There's no denying that Jackson knows how to tell a tale that gives all of its characters their due, even if at times his films feel bloated. It might not be on the level of King Kong, but The Hobbit does take some time to get going, and has a few lulls as it tries to balance a ton of narrative beats. Some of that excess story comes from scenes that tie into the Lord of the Rings - and that are non-existent in Tolkien's actual book - and others are simply just extended fight or dialogue sequences. Trying to squeeze 2 movies, let alone 3, out of a very short book was obviously going to result in some scenes that feel overlong or unnecessary, but for the most part the film is paced well enough that an engaging action scene is right around the corner. It doesn't have quite the build up, or the dramatic tension, as Fellowship - potentially a byproduct of telling the follow-up's story first - but there is still enough packed into this first chapter that audiences will connect with the characters and be mostly engaged from beginning to end.
All in all, Peter Jackson has crafted yet another exciting first chapter that, while slow to ramp up, adequately introduces fully realized characters, provides exciting action sequences, and leaves audiences chomping at the bit for what lay ahead. And ultimately it's a film that is lighter in tone and therefore more kid friendly than LotR, and in my opinion is slightly less entertaining. That said, I found the experience of returning to Middle Earth to be a delight, even if I'm more excited about what's ahead than looking back.
Even though he has such a small part to play in the grand scheme of things I would be remiss if I didn't mention Andy Serkis as Gollum right up front because he really does steal the show. Bilbo and Gollum's battle of wits (The "Riddles in the Dark" chapter for "Hobbit" fans) is by far the best scene in the film, and is bolstered by some of the most compelling CG facial animations ever seen. The way the folks at WETA digital are able to accurately communicate subtle emotions like surprise, confusion, and uncertainty is simply incredible - and it obviously wouldn't be possible if Andy Serkis hadn't provided that baseline performance. Gollum's true character arc might not come until The Lord of the Rings, but Serkis' single scene in The Hobbit is the character's best.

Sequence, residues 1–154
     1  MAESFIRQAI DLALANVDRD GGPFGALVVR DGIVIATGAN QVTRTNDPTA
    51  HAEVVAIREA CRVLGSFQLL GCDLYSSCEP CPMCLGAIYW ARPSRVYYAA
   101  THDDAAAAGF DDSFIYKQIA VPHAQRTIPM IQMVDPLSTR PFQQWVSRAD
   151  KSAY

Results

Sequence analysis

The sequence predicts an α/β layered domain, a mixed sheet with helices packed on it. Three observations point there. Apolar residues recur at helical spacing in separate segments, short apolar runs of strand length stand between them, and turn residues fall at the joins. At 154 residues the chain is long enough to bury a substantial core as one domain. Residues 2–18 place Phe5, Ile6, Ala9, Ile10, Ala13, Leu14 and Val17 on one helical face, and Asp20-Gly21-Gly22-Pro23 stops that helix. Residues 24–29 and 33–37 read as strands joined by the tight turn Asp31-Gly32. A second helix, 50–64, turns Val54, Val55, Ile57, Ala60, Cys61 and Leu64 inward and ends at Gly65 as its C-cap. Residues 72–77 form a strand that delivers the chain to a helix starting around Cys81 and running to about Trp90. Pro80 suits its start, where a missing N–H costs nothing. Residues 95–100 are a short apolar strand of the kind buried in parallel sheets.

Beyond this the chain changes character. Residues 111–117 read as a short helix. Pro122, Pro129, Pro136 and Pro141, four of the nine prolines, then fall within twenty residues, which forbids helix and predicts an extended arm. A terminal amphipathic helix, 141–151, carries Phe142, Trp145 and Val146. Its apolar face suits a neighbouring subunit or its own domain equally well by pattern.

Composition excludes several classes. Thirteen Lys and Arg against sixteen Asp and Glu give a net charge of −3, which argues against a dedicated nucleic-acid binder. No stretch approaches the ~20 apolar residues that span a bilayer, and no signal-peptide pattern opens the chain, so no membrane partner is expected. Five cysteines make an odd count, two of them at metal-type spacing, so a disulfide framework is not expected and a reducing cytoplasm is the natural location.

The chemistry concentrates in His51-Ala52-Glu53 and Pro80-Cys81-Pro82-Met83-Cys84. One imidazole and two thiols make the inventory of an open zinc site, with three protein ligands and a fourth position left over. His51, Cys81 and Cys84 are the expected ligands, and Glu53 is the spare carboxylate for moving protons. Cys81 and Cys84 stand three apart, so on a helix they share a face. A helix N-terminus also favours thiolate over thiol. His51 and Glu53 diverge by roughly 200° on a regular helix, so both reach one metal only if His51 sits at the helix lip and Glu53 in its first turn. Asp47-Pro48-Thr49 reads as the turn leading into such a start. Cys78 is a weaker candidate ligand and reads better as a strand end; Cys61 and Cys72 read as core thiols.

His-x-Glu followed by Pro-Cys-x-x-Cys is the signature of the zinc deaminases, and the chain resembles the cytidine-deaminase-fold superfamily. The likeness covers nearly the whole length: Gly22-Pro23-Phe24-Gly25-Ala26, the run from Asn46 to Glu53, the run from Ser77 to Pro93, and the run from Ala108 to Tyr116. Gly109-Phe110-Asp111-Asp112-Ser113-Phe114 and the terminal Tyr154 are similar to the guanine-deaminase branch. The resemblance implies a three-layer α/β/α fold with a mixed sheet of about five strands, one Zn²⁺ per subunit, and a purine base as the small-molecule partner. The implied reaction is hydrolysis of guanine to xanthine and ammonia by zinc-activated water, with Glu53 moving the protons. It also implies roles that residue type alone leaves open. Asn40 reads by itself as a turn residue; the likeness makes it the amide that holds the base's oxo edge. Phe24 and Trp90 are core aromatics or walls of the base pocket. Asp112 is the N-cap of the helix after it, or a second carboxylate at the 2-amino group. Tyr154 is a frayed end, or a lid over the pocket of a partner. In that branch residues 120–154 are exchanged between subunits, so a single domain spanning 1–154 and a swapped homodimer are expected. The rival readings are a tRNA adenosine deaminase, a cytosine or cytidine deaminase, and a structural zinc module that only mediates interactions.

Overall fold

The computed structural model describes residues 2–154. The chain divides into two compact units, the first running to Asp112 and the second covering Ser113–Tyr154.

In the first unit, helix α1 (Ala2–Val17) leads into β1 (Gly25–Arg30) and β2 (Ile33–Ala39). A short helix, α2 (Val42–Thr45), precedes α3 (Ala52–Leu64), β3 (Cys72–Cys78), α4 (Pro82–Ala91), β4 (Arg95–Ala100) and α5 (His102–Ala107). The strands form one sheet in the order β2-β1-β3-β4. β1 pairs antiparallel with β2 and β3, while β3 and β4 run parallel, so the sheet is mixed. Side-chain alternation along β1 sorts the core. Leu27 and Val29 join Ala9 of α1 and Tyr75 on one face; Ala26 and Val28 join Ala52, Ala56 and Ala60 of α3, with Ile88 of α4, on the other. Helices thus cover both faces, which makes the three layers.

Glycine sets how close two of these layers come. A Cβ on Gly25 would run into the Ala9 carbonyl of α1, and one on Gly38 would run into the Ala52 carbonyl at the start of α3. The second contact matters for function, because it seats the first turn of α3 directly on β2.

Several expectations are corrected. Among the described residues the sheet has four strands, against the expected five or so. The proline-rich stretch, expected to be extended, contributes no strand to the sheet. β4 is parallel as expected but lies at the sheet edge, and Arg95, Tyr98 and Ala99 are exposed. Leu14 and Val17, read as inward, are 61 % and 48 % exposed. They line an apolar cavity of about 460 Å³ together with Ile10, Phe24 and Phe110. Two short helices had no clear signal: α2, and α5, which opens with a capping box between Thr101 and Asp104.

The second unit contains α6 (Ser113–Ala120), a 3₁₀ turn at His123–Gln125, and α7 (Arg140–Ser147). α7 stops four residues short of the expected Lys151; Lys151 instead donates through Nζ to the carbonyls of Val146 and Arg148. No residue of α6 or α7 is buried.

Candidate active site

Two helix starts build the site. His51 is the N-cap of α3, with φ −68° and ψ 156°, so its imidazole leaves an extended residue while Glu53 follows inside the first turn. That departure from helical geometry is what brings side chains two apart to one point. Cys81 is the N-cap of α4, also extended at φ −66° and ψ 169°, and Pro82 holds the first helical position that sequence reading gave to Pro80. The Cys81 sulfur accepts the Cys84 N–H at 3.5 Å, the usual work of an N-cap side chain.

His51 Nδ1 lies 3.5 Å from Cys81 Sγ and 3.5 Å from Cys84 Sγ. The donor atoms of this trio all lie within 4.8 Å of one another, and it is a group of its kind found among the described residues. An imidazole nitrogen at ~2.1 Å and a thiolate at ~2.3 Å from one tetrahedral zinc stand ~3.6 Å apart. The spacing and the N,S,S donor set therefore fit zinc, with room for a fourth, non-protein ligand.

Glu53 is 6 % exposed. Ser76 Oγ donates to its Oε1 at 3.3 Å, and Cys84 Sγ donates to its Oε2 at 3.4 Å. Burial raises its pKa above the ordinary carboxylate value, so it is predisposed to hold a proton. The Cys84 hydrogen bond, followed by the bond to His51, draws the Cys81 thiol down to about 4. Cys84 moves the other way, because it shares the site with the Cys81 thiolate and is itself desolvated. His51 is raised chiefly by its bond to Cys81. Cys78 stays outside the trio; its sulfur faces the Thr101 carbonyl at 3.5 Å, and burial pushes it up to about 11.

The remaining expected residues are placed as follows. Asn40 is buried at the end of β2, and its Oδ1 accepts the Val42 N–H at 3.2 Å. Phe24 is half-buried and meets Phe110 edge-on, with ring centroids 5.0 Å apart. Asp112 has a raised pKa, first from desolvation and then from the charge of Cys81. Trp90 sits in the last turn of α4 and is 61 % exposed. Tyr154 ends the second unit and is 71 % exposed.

The actors who really carry the film from The Hobbit's cast, however, are its three main characters: McKellen as Gandalf, Freeman as Bilbo, and Richard Armitage as Thorin Oakenshield. While McKellen and Freeman deliver performances that appropriately fluctuate between comedic and dramatic, and elicit every emotion in between, Armitage serves more as the film's heroic lead, its Aragorn if you will. In fact, a lot of The Hobbit's story focuses on the character Thorin - a quality bolstered by some fairly lengthy flashback sequences - and Armitage does a solid job "carrying" the film in that regard. Unfortunately, he also ends up playing a pseudo-antagonist to Bilbo, a character who sees him as little more than an inconvenience. It's a rather jarring transition for the character, and Armitage fails to make it 100% believable, but thankfully it's not permanent.
As a whole The Hobbit's cast, from the newcomers to the veterans, are solid, and most importantly they breathe life to characters the audience will laugh at, empathize with, and want to see more of. For a cast that must compete with that iconic fellowship of nine, The Hobbit's more than holds its own.
Although the film doesn't have sequences quite as memorable as the Battle of Helms Deep or the Mines of Moria, there is still a wildly imaginative sense of scope and scale at play. Cutting between the various dwarves, Bilbo, and Gandalf does get a little chaotic in places, and at times the film fails to communicate an adequate sense of space, but fans looking for set pieces in the same vein as Lord of the Rings will find The Hobbit delivers.
From orcs to goblins to trolls, all of the requisite Tolkien races are there - ready to be perfect sword and axe fodder for the band of travelers. Each encounter has its own appeal, and some are more compelling than others, but a scene between three trolls, Bilbo, and the dwarves deserves the most recognition for its ability to blend fluid, well-choreographed action and humor without feeling overly silly. Granted, it's also the set piece that is the least complicated in terms of logistics, a problem that plagues many of the larger sequences, but it gives the audience plenty to be entertained by.
Jackson's penchant for dazzling action is still fully present in The Hobbit, even if in some cases it's required in sequences that are of a smaller scale. However, when Jackson gets the opportunity to take the gloves off, and deliver a bombastic set-piece featuring orcs, wolf-like creatures called wargs, and a looming precipice, he revels in every moment and reminds us why action in the Tolkien universe is unlike anything audiences has ever seen.
Fantasy, Action, Adventure
December 14, 2012